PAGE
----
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The little miracle who gives back

Five-year-old Jessa Streich, who suffers from multiple health conditions, recently had her first haircut. The hair, cut by Sarah Eblen of Hair A'La More, was donated to Locks of Love. Also pictured is Jessa's mom, Tabitha. (Photo by Megan Radermacher)1 / 3
Pictured is Jessa before her hair was cut. (Photo by Megan Radermacher)2 / 3
Locks of Love is a public non-profit organization that provides hairpieces to financially disadvantaged children in the U.S. and Canada who younger than age 21 and suffering from long-term medical hair loss from any diagnosis. The hair prostheses help to restore their self-esteem and their confidence. For more information, visit the website / 3

A child's first hair cut is a big deal. Not only for the child, but for the mother as well. In the case of Jessa Streich of Alexandria and her mother, Tabitha, it was a monumental moment.

Jessa is a 5-year-old who has suffered from countless health problems ever since she was born prematurely. Some of those problems are a mystery for the family and doctors.

But even though she has endured more than most children her age, the young girl is still giving back to others in a special way.

Thursday, March 4 was the date of Jessa's first haircut. Right up until the hair was cut, Tabitha contemplated whether or not to go through with it, but said she knew in her heart it was the best thing for her daughter.

They decided to donate Jessa's hair to a charity called Locks of Love, which provides hairpieces to children suffering from long-term medical hair loss.

"If it's going to make a child smile, that's all that matters," Tabitha said, admiring her daughter's beautiful, sandy-brown locks.

"It's hard, but I know it needs to be done," she said, explaining that the long hair gets caught in Jessa's wheelchair, her jacket, and under her arm pits, which is unsettling for the child.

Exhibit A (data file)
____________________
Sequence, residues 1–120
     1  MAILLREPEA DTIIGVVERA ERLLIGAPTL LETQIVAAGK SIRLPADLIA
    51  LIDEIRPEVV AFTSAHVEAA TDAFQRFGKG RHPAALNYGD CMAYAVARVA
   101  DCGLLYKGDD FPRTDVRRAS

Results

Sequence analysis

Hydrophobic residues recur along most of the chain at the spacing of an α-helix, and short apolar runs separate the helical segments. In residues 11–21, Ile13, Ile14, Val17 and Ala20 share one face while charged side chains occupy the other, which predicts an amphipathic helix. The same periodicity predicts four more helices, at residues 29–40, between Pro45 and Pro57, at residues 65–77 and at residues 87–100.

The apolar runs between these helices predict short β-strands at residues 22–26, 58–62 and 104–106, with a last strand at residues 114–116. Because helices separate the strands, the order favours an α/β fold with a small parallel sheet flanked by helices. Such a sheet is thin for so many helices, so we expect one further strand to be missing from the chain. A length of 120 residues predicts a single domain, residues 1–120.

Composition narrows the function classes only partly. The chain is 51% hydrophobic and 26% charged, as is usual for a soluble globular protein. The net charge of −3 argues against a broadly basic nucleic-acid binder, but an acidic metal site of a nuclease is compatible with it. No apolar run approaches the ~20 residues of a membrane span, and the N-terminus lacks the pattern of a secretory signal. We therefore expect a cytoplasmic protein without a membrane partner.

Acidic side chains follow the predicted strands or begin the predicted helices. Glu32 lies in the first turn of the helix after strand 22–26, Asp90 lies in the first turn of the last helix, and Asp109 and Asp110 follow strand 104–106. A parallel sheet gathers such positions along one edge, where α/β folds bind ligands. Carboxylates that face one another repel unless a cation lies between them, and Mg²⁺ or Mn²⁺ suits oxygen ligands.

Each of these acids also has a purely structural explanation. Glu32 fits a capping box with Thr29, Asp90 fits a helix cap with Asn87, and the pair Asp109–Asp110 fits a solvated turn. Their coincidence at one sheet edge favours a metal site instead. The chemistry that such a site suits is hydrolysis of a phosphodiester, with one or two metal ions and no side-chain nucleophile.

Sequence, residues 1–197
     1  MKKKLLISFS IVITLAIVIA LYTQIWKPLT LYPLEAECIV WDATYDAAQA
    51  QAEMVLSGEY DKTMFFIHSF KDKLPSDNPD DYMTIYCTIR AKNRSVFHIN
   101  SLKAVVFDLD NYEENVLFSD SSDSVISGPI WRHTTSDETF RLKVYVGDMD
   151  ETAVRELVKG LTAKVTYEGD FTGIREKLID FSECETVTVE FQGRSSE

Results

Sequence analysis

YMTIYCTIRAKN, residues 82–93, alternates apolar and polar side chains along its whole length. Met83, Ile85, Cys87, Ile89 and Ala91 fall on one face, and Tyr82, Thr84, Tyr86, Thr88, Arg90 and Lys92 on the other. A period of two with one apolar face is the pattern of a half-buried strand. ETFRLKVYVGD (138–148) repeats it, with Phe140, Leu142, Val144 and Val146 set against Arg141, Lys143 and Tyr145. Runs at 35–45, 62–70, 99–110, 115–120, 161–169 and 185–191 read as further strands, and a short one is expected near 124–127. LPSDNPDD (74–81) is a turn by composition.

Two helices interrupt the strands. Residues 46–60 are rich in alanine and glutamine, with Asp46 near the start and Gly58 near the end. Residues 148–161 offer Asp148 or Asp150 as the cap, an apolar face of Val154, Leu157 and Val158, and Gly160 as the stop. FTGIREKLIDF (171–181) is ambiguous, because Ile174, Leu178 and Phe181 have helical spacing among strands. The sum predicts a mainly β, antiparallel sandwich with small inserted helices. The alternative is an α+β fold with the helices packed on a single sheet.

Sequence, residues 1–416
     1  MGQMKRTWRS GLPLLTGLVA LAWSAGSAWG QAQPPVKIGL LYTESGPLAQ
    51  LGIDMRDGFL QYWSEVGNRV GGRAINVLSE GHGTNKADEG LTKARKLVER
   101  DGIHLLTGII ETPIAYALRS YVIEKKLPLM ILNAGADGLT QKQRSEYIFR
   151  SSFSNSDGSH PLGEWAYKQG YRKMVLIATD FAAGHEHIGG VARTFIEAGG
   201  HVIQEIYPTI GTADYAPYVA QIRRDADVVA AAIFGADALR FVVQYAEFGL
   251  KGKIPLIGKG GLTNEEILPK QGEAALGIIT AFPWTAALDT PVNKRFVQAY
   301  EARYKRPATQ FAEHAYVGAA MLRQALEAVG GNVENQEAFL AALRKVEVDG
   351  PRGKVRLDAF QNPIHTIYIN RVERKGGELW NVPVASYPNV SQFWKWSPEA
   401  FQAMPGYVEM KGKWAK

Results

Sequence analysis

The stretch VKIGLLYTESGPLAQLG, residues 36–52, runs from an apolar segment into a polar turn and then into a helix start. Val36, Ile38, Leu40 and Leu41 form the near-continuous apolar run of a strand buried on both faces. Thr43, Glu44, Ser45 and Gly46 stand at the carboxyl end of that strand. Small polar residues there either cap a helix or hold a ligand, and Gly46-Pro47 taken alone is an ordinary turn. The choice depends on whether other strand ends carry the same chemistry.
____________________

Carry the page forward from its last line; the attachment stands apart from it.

Brushing her hair has always been a constant struggle as well, the mother noted.

Jessa's two older sisters, Jemma and Jada, were right there with her as she experienced her first haircut. They both agree that their sister's donation is "really, really awesome."

Tabitha held her daughter tightly on her lap in the swivel chair as they patiently waited for the stylist. Everyone gathered around for the big moment.

Tabitha took a deep breath as the stylist picked up the shiny sheers and made the first cut. No doubt a tear was shed when her daughter's hair was held up in front of her.

"We did it, Jessa!" she exclaimed, asking for a lock of the hair to keep to remember the big day.

The Streich family is undeniably proud of Jessa for enduring her first haircut and giving back to others in the process.

Now there will be a cancer patient somewhere out there blessed with hair of their own, all because of a little miracle named Jessa.

Tara Bitzan

Tara Bitzan is editor of the Echo Press. She joined the company in 1991 as a news reporter. A lifelong resident of Douglas County, Tara graduated from Brandon High School and earned a bachelor of arts degree in mass communications and English with a minor in Scandinavian Studies from Moorhead State University. She and her husband, Dennis, and their children live near Alexandria.

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